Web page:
No announcement yet.
  • Filter
  • Time
  • Show
Clear All
new posts

  • Different ordering of predictors yields different answers using synth in Stata

    When using the *synth* command in stata and specifying the nested option, changing the order of the predictors yields different weights on the control units. Below is an example:

    sysuse smoking
    tsset state year
    synth cigsale beer(1984(1)1988) lnincome retprice age15to24 cigsale(1988) cigsale(1980) cigsale(1975) ///
    , trunit(3) trperiod(1989) nested

    synth cigsale cigsale(1988) cigsale(1980) cigsale(1975) beer(1984(1)1988) lnincome retprice age15to24///
    , trunit(3) trperiod(1989) nested

    I should note that the results don't change when you do not specify the nested option. I'd appreciate if anyone could give their thoughts about why the results change when simply reordering the predictors when using the nested option.

  • #2
    What's synth?


    • #3
      synth is a program used to do synthetic controls.


      • #4
        As the FAQ Advice asks,

        If you are using user-written commands, explain that and say where where they came from: the Stata Journal, SSC, or other archives. This helps (often crucially) in explaining your precise problem, and it alerts readers to commands that may be interesting or useful to them.


        • #5
          Mike, did you find any answer for your question? I have recently started using synth command and found the same problem you mentioned here; the order of predictors matter! Please kindly advise if you know why it's like that and how one should deal with that. Thanks!


          • #6
            Hi folks,

            No one appears to have answered the OP's question. A student of mine has encountered the same problem: the order in which the covariates are listed affects the estimated weights and thus the results when using the synth command with the "nested" option. As far as I can tell this appears to be an error in the command. Does anyone know of a discussion of, or a solution to, this issue?

            Thanks, Chris.


            • #7
              This is a subject of ongoing research.

              One recent paper claims this is a flaw in the synthetic control method's algorithm for optimizing the V-matrix. They claim this problem exists in R, so it's not a problem with Stata, but a problem with the synthetic control method itself.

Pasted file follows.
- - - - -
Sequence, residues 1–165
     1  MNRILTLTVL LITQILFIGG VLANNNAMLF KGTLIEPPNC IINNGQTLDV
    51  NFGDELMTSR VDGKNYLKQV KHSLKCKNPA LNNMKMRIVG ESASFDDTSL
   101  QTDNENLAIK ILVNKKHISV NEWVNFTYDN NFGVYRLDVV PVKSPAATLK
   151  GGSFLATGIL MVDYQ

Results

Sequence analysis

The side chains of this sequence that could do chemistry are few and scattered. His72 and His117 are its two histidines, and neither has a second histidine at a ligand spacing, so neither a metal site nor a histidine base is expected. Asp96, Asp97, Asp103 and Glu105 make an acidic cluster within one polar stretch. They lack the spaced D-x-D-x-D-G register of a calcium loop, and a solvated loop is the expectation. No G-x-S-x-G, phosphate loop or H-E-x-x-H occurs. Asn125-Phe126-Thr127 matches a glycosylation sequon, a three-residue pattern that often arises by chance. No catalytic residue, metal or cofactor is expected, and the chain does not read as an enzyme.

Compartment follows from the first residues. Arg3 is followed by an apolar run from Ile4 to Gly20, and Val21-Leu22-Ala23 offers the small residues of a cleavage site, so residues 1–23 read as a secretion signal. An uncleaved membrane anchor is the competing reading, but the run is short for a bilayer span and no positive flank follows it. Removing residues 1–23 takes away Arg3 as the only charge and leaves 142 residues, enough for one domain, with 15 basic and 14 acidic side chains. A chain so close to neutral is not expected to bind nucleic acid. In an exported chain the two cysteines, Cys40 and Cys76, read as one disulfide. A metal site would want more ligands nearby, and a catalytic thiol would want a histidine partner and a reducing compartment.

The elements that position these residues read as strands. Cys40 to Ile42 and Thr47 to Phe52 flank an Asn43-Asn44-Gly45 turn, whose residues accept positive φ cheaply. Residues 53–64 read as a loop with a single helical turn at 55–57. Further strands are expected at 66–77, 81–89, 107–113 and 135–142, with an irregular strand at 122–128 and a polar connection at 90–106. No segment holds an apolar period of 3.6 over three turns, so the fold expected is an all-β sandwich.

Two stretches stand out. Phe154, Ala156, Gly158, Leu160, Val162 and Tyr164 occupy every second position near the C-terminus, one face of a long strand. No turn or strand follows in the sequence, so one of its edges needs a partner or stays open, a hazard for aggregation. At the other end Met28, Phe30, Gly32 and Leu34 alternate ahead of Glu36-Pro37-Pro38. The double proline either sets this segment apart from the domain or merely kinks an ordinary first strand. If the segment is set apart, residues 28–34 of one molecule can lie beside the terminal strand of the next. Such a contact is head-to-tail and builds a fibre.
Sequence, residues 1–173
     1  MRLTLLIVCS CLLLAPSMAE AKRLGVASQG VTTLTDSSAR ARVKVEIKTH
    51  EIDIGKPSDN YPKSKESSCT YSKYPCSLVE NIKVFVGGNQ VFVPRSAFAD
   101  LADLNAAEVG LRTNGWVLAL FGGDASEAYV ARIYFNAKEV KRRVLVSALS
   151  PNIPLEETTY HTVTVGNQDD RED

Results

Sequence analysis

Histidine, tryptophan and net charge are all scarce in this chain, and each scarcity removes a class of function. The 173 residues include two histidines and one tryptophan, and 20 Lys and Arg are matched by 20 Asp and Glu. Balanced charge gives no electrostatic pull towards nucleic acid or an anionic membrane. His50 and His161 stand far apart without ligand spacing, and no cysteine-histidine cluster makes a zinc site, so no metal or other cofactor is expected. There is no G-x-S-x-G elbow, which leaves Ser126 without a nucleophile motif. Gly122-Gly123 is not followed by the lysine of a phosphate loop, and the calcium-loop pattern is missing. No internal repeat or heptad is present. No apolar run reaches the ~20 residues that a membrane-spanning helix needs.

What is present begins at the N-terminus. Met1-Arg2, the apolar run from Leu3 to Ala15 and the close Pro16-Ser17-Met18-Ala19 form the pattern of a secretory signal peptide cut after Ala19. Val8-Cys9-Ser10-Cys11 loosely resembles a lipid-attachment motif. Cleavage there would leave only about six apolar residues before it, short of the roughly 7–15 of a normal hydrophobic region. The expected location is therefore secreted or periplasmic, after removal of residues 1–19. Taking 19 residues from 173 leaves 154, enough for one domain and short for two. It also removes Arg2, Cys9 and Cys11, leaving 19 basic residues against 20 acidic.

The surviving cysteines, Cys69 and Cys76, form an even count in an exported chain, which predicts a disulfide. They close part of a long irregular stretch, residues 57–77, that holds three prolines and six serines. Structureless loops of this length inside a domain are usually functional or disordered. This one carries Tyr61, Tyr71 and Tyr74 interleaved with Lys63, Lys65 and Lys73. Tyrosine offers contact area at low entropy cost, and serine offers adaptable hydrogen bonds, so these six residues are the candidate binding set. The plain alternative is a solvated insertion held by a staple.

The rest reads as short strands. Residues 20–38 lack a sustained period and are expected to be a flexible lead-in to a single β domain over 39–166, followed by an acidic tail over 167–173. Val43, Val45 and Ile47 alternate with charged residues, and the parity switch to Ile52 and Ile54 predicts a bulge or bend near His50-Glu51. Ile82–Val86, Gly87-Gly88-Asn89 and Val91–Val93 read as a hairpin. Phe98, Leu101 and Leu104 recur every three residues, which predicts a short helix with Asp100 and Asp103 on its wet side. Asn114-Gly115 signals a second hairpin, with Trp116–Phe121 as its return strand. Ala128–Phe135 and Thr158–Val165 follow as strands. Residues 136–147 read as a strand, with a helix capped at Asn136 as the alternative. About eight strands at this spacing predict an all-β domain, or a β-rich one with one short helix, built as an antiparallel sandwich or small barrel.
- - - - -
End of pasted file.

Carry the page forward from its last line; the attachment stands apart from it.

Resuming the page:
"Design Flaw of the Synthetic Control Method" by Kuosmanen et. al.

              They also say that changing the order of the donors will change the results as well. This is harder to check in Stata because if you use encode to automatically convert string names into numeric IDs, you cannot control the order of the donors. You would have to manually re-number the donors, or else change the string names to change their alphabetical order. You would have to go out of your way to do this in Stata.

              However, I am conducting my own research on this as well. So far, I find that with careful use of different numerical techniques (NR, DFP, BFGS), and use of convergence parameters (margin, tolerance, ltolerance, nrtolerance), the instability of estimates can be mitigated or even eliminated. That is, changing the order of the indicator variables will NOT change the estimates IF you have carefully chosen the right numerical technique and/or convergence parameters. Therefore, I am concluding that the problem is not with the synthetic control method. Rather, it is a consequence of the fact that floating point math is approximate, and numerical optimizers are approximate as well. There is no closed form solution to the synthetic control problem, and different numerical techniques will yield different results.

              When you change the order of the indicator variables, you are changing the matrices by moving columns around. Similarly, when you change the order of the donors, you are changing the matrices by moving the rows around. And this can affect how the numerical optimizer converges on an optimum.
              Last edited by Michael Makovi; 07 Aug 2021, 11:49.